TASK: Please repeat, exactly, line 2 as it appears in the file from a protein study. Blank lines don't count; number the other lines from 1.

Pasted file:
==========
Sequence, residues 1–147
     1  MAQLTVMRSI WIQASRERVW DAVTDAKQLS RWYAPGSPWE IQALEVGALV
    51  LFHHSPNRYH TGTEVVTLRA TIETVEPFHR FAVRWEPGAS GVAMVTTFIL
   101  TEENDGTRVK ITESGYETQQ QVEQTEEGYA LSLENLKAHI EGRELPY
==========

     1  MAQLTVMRSI WIQASRERVW DAVTDAKQLS RWYAPGSPWE IQALEVGALV